Frequency of mention has been a widely used indicator to recognize species with the greatest cultural significance, not only in the case of mushrooms, but also to analyze other organisms [14,15,16,17]. In the case of edible mushrooms, even though species reported in other regions of Mexico vary in composition according to free listings, some of the most frequently mentioned taxa in the Highlands of Chiapas coincide with those of different zones of the country. A clear example is set by Amanita caesarea s.l., Agaricus spp., and Ramaria spp. These are the most frequently mentioned species in this study, and they are also among the most mentioned in studied sites in central, south, and west Mexico [14,15,16, 56, 72]. These groups of species appear to be some of the most important not only in this country, but in the world, since they are reported to be eaten in many countries . Armillaria mellea is a different matter; even though it is the third most mentioned species in this study, it does not appear in listings carried out in other regions of Mexico. The case of yuy in the Highlands of Chiapas is remarkable, since it is not only the most mentioned taxon, but also one of the most consumed and commercialized species in regional markets . Garibay-Orijel and Ruan-Soto  point out that Amanita caesarea s.l. is the most important edible species, its consumption is reported in more than 50 ethnomycological studies throughout the country. In contrast, species that are commonly mentioned in other regions like Lyophyllum decastes (Fr.) Singer, Russula brevipes Peck and Morchella esculenta (L.) Pers. [15, 16, 56, 72] appear not to be consumed, or at least not importantly so in the studied region.
It would seem, according to evidence in different ethnomycological studies carried out in similar vegetation zones, that knowledge of edible species is not homogeneous in any given population and that only a few species are recognized by over 50% of the people. In this study, only five ethnotaxa are mentioned by over 50% of the population, while the reported number is four in central and south Mexico [14,15,16] and five in the west of the country . People mention an average of 6.24 species in free listing exercises; this is a relatively high count for this state , but it still is below average when compared to central Mexico, where as many as 15 species are the average .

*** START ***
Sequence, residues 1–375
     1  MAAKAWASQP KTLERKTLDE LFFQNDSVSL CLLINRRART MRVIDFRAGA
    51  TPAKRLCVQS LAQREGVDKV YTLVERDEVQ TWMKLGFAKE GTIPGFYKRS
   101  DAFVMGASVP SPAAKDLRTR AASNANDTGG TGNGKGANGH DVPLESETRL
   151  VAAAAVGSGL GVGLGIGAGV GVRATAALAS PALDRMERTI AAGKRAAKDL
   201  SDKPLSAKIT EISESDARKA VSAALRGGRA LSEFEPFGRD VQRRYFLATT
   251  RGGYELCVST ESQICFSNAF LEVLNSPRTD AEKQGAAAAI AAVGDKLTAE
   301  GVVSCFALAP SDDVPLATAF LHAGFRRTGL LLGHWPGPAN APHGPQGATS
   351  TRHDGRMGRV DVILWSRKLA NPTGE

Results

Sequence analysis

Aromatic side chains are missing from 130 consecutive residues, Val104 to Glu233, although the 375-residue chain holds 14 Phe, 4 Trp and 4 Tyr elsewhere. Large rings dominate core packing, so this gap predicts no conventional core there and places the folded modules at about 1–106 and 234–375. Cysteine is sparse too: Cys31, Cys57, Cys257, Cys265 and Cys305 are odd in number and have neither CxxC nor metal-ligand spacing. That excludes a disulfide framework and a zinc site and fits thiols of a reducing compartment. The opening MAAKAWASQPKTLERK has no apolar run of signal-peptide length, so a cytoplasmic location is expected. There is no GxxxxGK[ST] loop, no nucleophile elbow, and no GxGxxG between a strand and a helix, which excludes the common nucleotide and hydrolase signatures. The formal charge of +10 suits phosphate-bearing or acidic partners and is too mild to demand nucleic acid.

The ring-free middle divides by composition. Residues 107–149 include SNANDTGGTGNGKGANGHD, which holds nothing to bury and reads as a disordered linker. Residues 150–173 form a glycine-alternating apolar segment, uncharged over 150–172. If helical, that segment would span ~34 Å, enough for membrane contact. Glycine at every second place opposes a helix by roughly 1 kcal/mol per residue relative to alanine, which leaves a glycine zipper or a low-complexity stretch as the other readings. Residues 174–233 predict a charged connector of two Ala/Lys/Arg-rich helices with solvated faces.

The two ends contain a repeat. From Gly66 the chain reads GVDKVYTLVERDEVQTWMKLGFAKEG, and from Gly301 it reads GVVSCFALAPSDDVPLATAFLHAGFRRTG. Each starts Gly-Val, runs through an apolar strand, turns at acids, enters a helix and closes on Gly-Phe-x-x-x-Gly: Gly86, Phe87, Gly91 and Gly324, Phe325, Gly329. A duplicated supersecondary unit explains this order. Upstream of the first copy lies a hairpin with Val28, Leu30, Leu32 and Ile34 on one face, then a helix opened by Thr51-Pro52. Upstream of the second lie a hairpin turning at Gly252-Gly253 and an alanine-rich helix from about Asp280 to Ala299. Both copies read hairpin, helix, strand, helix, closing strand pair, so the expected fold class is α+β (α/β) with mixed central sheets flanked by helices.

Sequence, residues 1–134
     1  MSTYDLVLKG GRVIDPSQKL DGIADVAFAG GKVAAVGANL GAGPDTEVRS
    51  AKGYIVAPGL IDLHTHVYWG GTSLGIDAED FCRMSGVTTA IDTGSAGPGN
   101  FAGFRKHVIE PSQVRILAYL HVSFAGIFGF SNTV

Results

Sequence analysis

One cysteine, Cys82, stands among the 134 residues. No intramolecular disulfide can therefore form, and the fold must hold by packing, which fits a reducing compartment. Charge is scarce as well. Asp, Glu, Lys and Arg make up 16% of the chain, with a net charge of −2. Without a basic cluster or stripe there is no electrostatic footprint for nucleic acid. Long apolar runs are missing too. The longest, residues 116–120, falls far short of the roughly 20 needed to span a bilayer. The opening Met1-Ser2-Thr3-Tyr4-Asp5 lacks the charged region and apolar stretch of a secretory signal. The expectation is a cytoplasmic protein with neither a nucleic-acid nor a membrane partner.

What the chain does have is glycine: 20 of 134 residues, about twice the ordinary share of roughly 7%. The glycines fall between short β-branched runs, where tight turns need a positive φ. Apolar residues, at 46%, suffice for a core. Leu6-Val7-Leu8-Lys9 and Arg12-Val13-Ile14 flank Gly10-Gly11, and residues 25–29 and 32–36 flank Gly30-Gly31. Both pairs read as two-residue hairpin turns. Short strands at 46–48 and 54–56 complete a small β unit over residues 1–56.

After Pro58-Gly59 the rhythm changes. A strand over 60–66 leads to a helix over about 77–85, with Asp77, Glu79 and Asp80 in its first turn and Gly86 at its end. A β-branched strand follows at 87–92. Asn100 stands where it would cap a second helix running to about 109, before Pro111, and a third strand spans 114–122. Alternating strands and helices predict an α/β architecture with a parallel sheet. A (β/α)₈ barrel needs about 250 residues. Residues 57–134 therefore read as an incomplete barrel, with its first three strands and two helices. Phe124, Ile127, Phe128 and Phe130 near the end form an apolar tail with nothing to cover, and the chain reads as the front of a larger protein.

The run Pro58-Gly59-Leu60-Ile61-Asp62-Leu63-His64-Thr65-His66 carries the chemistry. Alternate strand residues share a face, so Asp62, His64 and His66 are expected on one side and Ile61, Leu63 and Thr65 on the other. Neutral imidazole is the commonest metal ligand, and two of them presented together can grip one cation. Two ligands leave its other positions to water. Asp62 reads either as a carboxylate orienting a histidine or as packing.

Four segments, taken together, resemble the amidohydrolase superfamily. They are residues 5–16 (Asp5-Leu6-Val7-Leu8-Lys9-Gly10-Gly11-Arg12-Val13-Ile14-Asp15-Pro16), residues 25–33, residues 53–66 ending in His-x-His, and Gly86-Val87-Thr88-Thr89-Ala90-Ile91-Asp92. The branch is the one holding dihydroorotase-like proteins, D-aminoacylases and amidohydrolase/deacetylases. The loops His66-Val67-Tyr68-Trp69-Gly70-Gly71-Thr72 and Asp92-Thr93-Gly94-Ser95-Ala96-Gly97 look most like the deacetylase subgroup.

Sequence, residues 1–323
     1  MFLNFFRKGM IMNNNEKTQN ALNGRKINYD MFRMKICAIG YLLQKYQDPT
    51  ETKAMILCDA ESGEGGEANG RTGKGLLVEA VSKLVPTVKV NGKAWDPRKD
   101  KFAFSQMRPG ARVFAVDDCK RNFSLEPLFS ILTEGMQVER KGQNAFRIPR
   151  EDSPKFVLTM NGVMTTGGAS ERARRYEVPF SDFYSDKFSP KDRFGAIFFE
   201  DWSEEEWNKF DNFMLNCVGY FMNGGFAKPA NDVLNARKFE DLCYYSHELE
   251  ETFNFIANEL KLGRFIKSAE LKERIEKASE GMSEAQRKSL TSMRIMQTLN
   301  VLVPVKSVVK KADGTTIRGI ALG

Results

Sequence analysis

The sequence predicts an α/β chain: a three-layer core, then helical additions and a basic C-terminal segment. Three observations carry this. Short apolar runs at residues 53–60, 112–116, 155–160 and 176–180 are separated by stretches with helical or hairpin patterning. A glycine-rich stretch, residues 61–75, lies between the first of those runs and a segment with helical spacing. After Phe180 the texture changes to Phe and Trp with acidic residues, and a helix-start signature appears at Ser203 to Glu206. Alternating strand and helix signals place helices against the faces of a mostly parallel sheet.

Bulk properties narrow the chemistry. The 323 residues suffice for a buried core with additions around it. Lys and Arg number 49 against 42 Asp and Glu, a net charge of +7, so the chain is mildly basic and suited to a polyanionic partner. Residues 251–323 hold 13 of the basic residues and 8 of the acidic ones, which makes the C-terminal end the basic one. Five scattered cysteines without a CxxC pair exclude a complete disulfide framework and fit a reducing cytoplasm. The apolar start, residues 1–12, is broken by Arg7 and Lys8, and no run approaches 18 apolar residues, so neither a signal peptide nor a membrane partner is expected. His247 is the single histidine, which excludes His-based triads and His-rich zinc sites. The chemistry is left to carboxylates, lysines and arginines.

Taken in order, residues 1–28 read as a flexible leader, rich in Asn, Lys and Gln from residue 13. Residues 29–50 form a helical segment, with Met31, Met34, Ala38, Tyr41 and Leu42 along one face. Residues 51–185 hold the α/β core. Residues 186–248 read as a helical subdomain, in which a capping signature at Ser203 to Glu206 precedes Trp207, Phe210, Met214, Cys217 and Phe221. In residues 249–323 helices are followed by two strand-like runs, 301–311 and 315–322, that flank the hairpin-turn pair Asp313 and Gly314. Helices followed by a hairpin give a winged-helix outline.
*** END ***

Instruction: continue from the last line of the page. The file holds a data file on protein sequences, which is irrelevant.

The composition of mentioned toxic species, on the other hand, differs from that reported by Ramirez-Terrazo  in Nahua and mestizo communities in Tlaxcala, in central Mexico. This may be due to the particular perception each people have about the toxic nature of uneaten species. However, we must not disregard the scarce knowledge we currently have of toxic mycobiota in Mexico . Both in this study and that of Ramirez-Terrazo , Amanita muscaria is the most mentioned toxic species. The case of Suillelus luridus, the second most frequently mentioned species, is also noteworthy. Its relevance may be due to the fact that during the year in which this study as carried out, at least three cases of intoxications related to consumption of this species occurred in the region and they were shared in communication media. To Albuquerque (pers.com.) in the process of recuperating and keeping biocultural information, free listings record information from events of a frequent and contemporary nature. While no solid evidence has been published to support this claim, it is plausible that the same phenomenon occurs with toxic mushrooms. In this significance category, knowledge is centered in three species mentioned by more than 10% of the interviewed subjects; no species is mentioned by more than 50% of the population. This situation is contrasting with reports from central Mexico; it appears that in that area there is a wider knowledge: 14 toxic species are mentioned, ten of them are recognized by more than 10% of the population and at least two ethnotaxa are recognized by more than 50% of the population .
Some authors have suggested that both the number of known species and the degree of cultural significance of species is not homogeneous within a community but rather varies across sociodemographic variables such as gender, occupation, and schooling [14, 15, 49].